In 2012 Republican presidential candidate Mitt Romney made waves when, unbeknownst to him, someone recorded his remark that he had no interest in the 47 percent of tax consumers who would predictably vote for Obama. It energized the Tea Party types who favored that form of class division. Romney dismissed those who were “dependent upon government, who believe that they are victims, who believe that government has a responsibility to care for them, who believe that they are entitled to health care, to food, to housing, to you name it.” In doing so, he implied that the poorest recipients of social spending did not consider themselves on balance victims of the state, and were a major parasitic class against which the Republican Party had to contend.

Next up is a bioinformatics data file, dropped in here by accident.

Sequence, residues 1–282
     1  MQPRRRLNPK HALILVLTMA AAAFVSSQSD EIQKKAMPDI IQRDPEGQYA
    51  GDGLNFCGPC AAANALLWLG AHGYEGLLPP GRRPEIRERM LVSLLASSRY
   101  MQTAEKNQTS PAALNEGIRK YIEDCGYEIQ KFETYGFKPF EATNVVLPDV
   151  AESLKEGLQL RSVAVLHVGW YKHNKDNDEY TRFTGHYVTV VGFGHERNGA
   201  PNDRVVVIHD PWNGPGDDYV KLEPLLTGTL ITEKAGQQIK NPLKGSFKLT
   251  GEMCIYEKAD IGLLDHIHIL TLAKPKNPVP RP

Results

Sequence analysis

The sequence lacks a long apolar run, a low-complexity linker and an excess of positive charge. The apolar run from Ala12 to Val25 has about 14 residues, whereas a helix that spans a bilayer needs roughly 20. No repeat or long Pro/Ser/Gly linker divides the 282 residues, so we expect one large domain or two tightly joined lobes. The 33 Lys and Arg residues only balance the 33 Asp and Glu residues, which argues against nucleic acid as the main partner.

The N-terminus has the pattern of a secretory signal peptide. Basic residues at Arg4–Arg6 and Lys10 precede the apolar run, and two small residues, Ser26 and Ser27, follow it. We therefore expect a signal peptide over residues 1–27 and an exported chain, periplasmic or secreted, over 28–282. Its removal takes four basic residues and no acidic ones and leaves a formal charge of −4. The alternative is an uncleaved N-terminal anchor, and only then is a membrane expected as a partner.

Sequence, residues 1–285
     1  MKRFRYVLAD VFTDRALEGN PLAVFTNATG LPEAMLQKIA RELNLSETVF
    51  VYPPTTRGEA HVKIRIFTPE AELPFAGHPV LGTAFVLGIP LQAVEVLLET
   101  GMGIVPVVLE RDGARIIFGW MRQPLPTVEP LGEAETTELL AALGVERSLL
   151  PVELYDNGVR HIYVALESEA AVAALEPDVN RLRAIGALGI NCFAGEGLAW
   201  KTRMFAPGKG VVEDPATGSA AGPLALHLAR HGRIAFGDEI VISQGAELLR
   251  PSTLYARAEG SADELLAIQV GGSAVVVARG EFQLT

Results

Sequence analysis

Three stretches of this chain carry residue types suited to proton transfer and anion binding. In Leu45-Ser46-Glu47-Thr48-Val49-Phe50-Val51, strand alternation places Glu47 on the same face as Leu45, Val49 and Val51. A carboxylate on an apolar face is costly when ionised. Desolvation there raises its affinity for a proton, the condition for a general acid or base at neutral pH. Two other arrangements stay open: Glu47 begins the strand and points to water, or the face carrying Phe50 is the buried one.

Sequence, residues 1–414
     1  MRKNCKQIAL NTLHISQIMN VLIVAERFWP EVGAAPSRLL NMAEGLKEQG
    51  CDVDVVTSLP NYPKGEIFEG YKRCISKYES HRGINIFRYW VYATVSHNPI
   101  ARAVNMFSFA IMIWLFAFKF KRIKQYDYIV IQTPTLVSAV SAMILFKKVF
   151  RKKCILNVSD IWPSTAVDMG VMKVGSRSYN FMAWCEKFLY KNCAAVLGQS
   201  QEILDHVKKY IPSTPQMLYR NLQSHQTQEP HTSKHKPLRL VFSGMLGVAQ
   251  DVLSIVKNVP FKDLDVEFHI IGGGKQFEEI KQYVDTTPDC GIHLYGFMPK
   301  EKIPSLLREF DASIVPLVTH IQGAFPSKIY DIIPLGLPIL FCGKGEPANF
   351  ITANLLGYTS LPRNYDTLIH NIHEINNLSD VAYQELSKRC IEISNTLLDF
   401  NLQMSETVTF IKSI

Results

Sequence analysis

And yet, how many of the poorest Americans would Codevilla put in the country class? How many of them vote Republican? How many of them come from military families or attend conservative churches?
Left-liberal critiques of Tea Party class analysis
Many progressive politicians, commentators, progressive journalists, and celebrities have derided the Tea Party movement, often taking issue with the class consciousness so prevalent among its populist activists. Despite some anomalous pro–Tea Party leftists, the progressives have mostly looked upon the movement with hostility, seeing the rhetoric of class consciousness as an appropriation from the supposed-ly more-genuine leftist concerns about defending the weak against the strong. Left-progressives see the Republican-voting Tea Parties as unwitting shills for the establishment more than opponents of oppression, describing them as an “AstroTurf” movement rather than a genuine grassroots uprising. No less a luminary than Paul Krugman wrote in an April 2009 New York Times column characteristic of the progressive view,